Author Q+A: Jennifer Juan

What inspired you on this book?

I recently went back and looked over some of my older work, some of which was written while I was studying at The University Of Greenwich, and it was so interesting to see how much growth there has been. I put together a collection called “The Things We Did Last Summer”, with some of the highlights of my older work, that hasn’t been published in print yet, so it will be a good starting point for anyone interested in how I’ve developed, without the pressure of having to scroll through my entire back catalogue.

In “Last Of The Greenwich Glamour Girls” I wanted to expand on my skills as a writer, and just continue to grow, learn and show people how far I’ve come as both a writer and a person. The title and the poem that goes along with it comes from something me and a friend used to call ourselves when we were studying at The University Of Greenwich. I didn’t take everything as seriously as I could have, because I think I was afraid of taking the next step into adult life, so now that I’ve moved on from that, and I’m growing and learning to do my own thing, I think there is a little regret from what could have been, but a lot of joy for what is to come, and I really tried to capture that in this book.

Why did you want to become a writer?

I wanted to explore language. I’m a really curious person, about everything, and so for me, learning and discovering things is what I love to do, and writing is no different. I’ve always seen it as a tool for exploration, and if I get to say something that is on my mind along the way, then that’s fine for me too.

What was the hardest part of creating this book?

I find it very difficult to let go of the things that I create sometimes, because even if I don’t mean them to come from my life, and my experiences, there is always a part of me that finds a way in, and it can make it very difficult to put things out there. I found one of the poems, Under Your Bed, particularly difficult, because it can be therapeutic to take something painful and create something from it, it can be so hard to have to revisit that. It’s like I was sitting with my laptop, with my trauma leaning over my shoulder, pointing out spelling errors and telling me how much I sucked, but it’s worth it, because it’s like gaining back the power from that situation. It doesn’t own me anymore, because I turned it into something strong, and it works for me now.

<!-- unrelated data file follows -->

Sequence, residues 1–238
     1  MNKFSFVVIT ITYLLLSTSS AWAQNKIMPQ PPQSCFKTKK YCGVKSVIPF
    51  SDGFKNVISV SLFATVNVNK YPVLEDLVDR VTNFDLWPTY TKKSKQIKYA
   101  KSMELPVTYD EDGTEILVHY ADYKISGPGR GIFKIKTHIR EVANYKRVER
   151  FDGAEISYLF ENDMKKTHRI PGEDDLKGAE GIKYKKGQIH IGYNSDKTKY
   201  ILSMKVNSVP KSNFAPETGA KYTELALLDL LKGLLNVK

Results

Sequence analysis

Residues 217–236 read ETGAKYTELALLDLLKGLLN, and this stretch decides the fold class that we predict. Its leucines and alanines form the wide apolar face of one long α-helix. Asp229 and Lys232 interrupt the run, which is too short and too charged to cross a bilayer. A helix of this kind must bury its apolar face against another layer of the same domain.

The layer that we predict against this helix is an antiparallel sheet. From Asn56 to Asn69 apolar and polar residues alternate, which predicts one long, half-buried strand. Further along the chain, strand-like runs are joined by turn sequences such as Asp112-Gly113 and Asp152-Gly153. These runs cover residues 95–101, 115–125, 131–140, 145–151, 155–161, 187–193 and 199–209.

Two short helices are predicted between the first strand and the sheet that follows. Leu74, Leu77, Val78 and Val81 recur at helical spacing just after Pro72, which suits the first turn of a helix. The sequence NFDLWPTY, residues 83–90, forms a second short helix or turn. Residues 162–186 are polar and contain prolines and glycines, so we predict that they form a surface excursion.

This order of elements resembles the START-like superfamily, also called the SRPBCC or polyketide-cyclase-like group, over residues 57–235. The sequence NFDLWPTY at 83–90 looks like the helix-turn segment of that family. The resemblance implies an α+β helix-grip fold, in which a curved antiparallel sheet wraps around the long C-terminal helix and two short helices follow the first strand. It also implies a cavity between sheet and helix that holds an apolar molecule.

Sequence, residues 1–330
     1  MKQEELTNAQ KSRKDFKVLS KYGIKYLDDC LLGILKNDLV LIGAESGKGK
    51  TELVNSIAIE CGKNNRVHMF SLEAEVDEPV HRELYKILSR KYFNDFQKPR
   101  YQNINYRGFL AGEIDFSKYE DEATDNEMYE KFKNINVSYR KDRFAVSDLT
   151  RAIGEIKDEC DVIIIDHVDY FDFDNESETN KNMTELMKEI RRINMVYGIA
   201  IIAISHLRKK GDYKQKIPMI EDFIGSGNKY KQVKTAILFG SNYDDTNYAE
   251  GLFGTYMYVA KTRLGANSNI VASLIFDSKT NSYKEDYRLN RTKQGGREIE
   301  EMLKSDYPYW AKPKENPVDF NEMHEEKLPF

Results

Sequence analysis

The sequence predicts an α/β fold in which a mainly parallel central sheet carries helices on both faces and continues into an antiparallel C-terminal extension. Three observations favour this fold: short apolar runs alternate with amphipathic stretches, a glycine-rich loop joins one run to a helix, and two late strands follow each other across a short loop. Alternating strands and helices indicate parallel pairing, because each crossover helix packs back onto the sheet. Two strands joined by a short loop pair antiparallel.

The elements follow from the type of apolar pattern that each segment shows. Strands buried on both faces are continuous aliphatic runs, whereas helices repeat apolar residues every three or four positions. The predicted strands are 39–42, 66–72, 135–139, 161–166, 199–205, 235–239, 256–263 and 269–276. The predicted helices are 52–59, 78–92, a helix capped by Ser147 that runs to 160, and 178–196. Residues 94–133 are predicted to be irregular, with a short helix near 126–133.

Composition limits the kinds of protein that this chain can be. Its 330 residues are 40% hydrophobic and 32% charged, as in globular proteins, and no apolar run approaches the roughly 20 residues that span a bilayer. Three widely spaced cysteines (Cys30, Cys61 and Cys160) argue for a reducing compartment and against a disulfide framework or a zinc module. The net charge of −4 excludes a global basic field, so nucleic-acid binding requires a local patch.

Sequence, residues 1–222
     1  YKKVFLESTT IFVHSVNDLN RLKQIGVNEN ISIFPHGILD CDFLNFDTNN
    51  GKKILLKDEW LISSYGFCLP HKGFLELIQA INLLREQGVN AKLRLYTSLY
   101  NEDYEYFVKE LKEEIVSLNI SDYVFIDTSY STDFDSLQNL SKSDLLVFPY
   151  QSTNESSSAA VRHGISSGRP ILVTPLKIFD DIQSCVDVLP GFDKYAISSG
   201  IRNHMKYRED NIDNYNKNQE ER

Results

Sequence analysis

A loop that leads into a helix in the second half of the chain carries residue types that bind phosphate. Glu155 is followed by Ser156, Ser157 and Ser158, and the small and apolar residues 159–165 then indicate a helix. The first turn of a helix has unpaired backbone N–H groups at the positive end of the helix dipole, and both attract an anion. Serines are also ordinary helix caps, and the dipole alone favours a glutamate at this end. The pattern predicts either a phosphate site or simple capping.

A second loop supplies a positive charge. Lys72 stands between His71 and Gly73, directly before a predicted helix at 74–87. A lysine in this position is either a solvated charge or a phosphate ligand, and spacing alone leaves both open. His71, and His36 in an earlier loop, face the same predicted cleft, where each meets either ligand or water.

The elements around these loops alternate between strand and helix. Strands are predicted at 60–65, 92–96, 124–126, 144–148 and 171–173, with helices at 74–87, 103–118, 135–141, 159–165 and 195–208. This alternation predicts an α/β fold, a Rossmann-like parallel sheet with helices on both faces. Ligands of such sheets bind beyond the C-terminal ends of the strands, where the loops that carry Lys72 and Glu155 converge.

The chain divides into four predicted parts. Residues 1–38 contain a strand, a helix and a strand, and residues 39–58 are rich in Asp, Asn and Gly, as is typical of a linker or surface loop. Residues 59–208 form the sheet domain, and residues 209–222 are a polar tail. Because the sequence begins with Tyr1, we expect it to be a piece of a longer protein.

What do you hope people gain from reading it?

I hope that they’ll enjoy it, and maybe find something that they can relate to. I think that the relationship between an author and the reader is so important, so I hope I can build that with lots of new people, and strengthen that bond with my existing readers.

When you were a kid, what were your favorite books?

I loved and still love Carol Ann Duffy. I loved her way with words, and how she talked about things that I’d never really thought about before.

What is your advice to people who are not excited about reading?

Don’t beat yourself up about it too much. I think that sometimes people aren’t engaged with books, because their only experience with them is school, and they often don’t get too much choice with what they read. I think just being open to books, not putting so much pressure on yourself, and letting the right book find you. So many television shows and movies these days are based on books, or have novel adaptations, so if you find yourself enjoying The Walking Dead, for example, maybe go to your library and check out one of the comics? Or if you see a quote you like on instagram, maybe click on the hashtag and see if you find anything else you like.

I think another important thing is to remember that you can read whatever you want, it doesn’t have to be a huge leather bound book written in the Victorian era to be valid, if it has words, and it engages you, then you’re reading, and that’s cool. I think some are put off of reading because there is a lot of elitism, with people being shamed for enjoying certain books, or genres, or for reading in non traditional ways. I think if people involved in writing and reading communities work together to destroy the stigma and shaming of reading non traditional formats, we would find that a lot more people get excited about reading, because they’d feel more welcome.

Why should we buy your book?

I found myself finding answers to a lot of life’s questions in the books I’ve read over the years, and right now, I think a lot of us have questions, so maybe, I have the answers you’re looking for, but you’ll have to get the book to find out.


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